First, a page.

The Internal Logic Behind the Evolution of Company Law in China – Do Legal Origins Matter?

21 Pages Posted: 17 Dec 2013

Date Written: December 17, 2013

Abstract

This article looks at the evolution of China’s Company Law by reference to selected variables and seeks to locate China within the legal origins debate. The central thesis is that the evolution of China’s Company Law has been driven more by its own internal logic and, in particular, by the structural norms that underpin the legal system itself, than by any legal origins effect defined by reference to conventional categories such as common law, civil law or socialist law. Four structural norms are put forward as supporting the internal logic of Chinese law and underpinning the evolution of China’s Company Law. The findings underscore the extent to which the structural norms - driven largely by the view that the legal system has of itself, its role and responsibilities - have shaped and influenced the reception, implementation and development of legal concepts and rules. The findings also challenge conventional notions that law in China is purely instrumental in nature and that its sole purpose is to implement the aims and objectives of the state. Instead, the legal system operates and evolves independently of the state to a material extent, albeit in a manner that is subordinate to the state.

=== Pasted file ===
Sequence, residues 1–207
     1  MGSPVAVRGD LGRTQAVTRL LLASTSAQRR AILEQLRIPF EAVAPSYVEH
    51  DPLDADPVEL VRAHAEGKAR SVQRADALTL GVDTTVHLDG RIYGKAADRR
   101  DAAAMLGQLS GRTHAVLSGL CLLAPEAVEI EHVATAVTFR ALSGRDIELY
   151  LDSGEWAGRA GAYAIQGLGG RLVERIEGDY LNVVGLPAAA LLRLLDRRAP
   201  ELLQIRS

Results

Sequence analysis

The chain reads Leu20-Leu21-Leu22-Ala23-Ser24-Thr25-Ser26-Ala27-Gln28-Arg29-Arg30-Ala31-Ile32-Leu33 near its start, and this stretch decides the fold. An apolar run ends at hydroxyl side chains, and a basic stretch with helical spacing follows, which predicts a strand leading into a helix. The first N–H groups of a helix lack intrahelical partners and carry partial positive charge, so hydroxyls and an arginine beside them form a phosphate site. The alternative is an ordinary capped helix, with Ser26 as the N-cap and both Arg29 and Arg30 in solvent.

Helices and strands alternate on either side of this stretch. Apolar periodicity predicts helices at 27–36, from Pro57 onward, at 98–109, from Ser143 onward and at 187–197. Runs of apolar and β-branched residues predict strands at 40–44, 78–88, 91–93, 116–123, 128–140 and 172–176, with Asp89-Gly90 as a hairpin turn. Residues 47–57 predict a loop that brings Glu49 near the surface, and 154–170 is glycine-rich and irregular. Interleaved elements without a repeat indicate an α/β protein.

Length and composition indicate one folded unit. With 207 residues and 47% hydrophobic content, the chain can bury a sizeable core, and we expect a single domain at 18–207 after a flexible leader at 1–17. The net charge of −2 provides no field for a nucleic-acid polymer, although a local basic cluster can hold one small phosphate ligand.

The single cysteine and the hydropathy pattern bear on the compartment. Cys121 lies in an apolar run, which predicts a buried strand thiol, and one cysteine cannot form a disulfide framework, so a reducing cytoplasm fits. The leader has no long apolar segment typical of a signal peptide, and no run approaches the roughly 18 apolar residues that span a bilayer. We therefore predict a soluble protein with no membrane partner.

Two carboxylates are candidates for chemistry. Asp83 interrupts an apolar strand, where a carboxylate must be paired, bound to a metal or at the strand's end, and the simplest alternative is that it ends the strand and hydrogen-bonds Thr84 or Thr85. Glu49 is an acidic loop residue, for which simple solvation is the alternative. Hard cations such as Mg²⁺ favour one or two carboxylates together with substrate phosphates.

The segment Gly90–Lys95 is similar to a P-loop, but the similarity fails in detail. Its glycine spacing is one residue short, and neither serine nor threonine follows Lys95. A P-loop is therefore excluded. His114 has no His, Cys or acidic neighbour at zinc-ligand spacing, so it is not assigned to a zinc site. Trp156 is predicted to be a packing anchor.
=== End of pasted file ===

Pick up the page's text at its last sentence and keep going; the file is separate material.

Suggested Citation

Godwin, Andrew, The Internal Logic Behind the Evolution of Company Law in China – Do Legal Origins Matter? (December 17, 2013). Australian Journal of Asian Law, Vol. 14, No. 2, Article 5, 2013, Available at SSRN: https://ssrn.com/abstract=2368651

Andrew Godwin (Contact Author)

Melbourne Law School ( email )

185 Pelham Street
Carlton, Victoria 3053
Australia

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